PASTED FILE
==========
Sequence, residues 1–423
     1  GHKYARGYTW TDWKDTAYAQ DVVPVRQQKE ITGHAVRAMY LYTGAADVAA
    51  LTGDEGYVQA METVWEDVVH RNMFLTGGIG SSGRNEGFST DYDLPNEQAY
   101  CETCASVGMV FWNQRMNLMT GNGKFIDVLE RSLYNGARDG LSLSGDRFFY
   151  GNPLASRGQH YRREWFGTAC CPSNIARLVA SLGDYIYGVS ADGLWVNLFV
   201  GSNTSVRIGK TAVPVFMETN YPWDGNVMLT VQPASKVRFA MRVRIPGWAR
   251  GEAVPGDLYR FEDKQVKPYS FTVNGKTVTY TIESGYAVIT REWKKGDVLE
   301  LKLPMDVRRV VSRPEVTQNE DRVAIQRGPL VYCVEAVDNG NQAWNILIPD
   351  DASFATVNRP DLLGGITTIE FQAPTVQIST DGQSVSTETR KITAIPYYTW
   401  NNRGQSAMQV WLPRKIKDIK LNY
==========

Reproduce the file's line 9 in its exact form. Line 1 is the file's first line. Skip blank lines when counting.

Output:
   351  DASFATVNRP DLLGGITTIE FQAPTVQIST DGQSVSTETR KITAIPYYTW